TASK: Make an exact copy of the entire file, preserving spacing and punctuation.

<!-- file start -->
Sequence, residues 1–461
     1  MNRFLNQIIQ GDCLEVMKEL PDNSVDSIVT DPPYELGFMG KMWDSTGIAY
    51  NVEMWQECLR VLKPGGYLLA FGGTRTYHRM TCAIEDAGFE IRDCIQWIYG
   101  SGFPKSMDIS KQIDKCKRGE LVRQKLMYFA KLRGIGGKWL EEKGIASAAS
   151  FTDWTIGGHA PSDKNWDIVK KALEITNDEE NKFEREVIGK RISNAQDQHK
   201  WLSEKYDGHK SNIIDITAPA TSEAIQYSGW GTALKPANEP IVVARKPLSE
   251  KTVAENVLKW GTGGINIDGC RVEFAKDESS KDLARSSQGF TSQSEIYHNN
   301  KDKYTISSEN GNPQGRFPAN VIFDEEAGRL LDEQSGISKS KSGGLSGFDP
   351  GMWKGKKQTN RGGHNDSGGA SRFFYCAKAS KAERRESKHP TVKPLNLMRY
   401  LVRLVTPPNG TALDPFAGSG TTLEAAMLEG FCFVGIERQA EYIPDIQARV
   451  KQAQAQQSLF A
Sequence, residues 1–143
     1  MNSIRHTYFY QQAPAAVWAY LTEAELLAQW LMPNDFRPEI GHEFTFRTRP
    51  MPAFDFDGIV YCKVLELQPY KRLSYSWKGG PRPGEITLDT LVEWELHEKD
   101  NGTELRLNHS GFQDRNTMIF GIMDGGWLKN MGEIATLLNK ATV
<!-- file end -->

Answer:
Sequence, residues 1–461
     1  MNRFLNQIIQ GDCLEVMKEL PDNSVDSIVT DPPYELGFMG KMWDSTGIAY
    51  NVEMWQECLR VLKPGGYLLA FGGTRTYHRM TCAIEDAGFE IRDCIQWIYG
   101  SGFPKSMDIS KQIDKCKRGE LVRQKLMYFA KLRGIGGKWL EEKGIASAAS
   151  FTDWTIGGHA PSDKNWDIVK KALEITNDEE NKFEREVIGK RISNAQDQHK
   201  WLSEKYDGHK SNIIDITAPA TSEAIQYSGW GTALKPANEP IVVARKPLSE
   251  KTVAENVLKW GTGGINIDGC RVEFAKDESS KDLARSSQGF TSQSEIYHNN
   301  KDKYTISSEN GNPQGRFPAN VIFDEEAGRL LDEQSGISKS KSGGLSGFDP
   351  GMWKGKKQTN RGGHNDSGGA SRFFYCAKAS KAERRESKHP TVKPLNLMRY
   401  LVRLVTPPNG TALDPFAGSG TTLEAAMLEG FCFVGIERQA EYIPDIQARV
   451  KQAQAQQSLF A
Sequence, residues 1–143
     1  MNSIRHTYFY QQAPAAVWAY LTEAELLAQW LMPNDFRPEI GHEFTFRTRP
    51  MPAFDFDGIV YCKVLELQPY KRLSYSWKGG PRPGEITLDT LVEWELHEKD
   101  NGTELRLNHS GFQDRNTMIF GIMDGGWLKN MGEIATLLNK ATV